Bing just can’t stop getting better. Today Bing is annoucing a number of new features focused in two areas: mapping, and mobile search. These new capabilities demonstrate the desire of Bing to move away from the Google-style search format.
For Bing Maps, Microsoft is rolling out Streetside imagery, which is akin to Google Streetview, but will allow you to “figure out exactly where the door to the club is located.” Microsoft is also launching the Bing Application gGllery to provide “mash-ins” on top of the new Streetside interface.
Applications include the following:
- Twitter: You can now see tweets on the map from their originating location. Get realtime updates about events, breaking news, or even just tweets from your buddies about the quality of coffee at their favorite coffee house.
- Local Lens: Here we actually index local blogs from around the US and using the clues in the posts, try and place them physically on a map. You can use it to do things like see community happenings in your neighborhood. It’s an entirely new way to consume local crowdsourced information – something 72% of customers do routinely on the web.
- What’s Nearby: So you’ve found the address of the business meeting you have, but where can you go to sync up your computer before the meeting? With “What’s Nearby” we conduct implicit searches on your behalf to examine the physical canvas and show you types of businesses and services around your final destination. You don’t even have to query – we do it all for you in the background and bring back results sorted into categories so you can easily find the nearest coffee shop with WiFi.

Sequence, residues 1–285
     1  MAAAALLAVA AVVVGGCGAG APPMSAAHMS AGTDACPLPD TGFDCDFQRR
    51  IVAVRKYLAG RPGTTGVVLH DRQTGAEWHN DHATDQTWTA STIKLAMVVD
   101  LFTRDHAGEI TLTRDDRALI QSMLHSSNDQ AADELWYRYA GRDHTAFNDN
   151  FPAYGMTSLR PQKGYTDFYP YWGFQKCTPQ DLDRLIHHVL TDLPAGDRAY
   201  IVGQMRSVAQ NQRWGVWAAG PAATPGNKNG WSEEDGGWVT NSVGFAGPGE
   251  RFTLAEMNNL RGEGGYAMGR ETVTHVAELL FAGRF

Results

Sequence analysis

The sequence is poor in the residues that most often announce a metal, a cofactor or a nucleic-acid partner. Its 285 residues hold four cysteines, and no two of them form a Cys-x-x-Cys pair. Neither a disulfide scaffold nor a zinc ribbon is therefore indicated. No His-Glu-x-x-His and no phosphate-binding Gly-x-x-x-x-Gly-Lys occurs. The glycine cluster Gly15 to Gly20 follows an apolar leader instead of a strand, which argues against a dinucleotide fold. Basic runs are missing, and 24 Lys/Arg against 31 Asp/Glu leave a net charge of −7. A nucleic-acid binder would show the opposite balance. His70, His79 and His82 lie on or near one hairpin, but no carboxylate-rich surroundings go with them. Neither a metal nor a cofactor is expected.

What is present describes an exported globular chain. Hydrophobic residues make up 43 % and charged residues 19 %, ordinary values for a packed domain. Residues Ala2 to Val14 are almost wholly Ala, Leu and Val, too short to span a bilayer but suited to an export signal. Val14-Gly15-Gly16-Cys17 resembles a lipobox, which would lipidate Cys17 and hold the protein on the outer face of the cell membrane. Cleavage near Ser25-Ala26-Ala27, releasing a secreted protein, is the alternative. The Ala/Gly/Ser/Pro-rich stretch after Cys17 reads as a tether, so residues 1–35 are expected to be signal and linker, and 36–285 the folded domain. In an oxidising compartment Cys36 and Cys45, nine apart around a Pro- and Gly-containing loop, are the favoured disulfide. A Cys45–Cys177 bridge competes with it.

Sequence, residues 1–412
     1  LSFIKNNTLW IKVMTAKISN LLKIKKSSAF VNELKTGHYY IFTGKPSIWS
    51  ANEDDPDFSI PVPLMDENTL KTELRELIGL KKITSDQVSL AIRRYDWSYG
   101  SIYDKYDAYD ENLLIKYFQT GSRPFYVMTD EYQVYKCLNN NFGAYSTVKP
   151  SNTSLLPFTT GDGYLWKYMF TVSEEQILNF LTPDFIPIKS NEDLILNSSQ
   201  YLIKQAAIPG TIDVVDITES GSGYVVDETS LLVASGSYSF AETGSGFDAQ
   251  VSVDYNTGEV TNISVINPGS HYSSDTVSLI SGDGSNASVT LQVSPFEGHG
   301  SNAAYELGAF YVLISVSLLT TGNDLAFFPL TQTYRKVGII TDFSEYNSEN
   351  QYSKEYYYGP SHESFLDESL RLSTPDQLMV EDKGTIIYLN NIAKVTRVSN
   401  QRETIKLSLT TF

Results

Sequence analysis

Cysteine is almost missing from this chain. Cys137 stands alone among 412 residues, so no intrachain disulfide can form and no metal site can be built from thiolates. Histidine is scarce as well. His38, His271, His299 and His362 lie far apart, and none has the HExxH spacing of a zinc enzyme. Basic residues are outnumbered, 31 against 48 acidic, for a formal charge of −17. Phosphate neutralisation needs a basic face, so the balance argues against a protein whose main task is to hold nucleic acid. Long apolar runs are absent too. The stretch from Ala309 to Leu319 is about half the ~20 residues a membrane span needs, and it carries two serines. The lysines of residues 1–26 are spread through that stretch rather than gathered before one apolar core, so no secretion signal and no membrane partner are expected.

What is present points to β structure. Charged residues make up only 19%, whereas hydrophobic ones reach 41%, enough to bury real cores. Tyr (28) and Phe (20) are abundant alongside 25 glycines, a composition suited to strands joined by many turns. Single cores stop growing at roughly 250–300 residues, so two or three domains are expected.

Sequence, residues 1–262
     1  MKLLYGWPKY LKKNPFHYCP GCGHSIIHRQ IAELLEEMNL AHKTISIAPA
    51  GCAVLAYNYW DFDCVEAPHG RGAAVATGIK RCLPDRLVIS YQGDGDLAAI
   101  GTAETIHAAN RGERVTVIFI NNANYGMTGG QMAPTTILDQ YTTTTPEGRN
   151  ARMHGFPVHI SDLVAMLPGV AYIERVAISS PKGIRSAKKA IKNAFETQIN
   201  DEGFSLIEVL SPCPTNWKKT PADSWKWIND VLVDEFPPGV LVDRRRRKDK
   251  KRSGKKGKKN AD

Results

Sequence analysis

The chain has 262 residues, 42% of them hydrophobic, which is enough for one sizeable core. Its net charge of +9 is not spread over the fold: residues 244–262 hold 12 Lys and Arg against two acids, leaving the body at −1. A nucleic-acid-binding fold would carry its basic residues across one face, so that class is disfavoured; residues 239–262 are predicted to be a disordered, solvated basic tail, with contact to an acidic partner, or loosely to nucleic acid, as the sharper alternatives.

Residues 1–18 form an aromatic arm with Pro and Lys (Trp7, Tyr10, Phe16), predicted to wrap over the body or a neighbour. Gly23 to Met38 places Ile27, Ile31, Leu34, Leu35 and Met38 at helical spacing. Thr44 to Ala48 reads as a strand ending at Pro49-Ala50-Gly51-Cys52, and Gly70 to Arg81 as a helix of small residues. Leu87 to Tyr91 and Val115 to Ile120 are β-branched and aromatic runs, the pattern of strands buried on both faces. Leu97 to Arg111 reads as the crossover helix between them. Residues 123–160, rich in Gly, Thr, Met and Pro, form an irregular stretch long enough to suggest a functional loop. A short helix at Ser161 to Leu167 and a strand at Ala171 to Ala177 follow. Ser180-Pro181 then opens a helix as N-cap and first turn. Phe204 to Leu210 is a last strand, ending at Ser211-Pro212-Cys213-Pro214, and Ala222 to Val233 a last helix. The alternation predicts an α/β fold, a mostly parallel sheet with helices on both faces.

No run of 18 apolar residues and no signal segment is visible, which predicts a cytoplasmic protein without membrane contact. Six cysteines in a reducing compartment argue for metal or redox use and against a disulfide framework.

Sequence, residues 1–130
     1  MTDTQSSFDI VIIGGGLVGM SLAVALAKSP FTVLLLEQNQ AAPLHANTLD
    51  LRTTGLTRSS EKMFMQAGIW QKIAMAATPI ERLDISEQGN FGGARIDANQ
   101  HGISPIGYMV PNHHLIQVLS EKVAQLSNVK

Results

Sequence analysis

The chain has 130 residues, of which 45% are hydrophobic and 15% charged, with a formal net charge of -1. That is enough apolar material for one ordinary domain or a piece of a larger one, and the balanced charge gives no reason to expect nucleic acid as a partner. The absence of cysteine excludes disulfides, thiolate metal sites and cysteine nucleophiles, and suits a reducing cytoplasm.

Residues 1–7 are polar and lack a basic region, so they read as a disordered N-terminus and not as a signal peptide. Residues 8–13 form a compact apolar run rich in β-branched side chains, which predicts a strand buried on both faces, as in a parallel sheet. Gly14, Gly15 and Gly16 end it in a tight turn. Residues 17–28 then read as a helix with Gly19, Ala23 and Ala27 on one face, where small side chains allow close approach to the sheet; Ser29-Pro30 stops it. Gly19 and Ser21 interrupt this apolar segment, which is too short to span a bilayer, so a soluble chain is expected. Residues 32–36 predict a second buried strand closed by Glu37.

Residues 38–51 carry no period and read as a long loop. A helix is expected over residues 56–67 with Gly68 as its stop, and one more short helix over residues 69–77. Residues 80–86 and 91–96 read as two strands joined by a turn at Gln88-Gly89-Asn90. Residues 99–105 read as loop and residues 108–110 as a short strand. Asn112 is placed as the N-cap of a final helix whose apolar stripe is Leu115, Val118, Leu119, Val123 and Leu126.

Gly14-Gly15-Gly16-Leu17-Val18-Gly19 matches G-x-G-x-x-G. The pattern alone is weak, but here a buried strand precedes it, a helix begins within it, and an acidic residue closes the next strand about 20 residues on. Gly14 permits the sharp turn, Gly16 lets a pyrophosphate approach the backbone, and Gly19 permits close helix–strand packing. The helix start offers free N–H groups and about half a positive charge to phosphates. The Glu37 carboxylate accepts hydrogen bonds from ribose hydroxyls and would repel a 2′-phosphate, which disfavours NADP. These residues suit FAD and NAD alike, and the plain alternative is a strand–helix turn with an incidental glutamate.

Finally, Photosynth is being built into Bing. This will take time, but in the future, a combination of Photosynth and Streetside will provide an immersive three-dimensional experience.
On the other side of things, Bing has built a new mobile app for Windows Mobile phones (you can groan, it’s ok). Designed for Windows Mobile or not, you can reach it at m.bing.com. It encompasses faster search help, letting you type less, faster access to maps to allow you to get to a location more quickly, advanced local search, and “quick answers” to help you make decisions on the go.
There are no Windows Mobile devices within a mile of myself, so I have to take Microsoft’s word for it.
And as a final subnote, Bing now has its own search bar for Firefox and Internet Explorer. While I recommend against such bars (and advocate Chrome which does all that for you), if you want to download it you can here.
Bing is on the march, and Google must be sweating a touch under the full court press that Microsoft is waging against them. What do you think, is this enough to make you switch?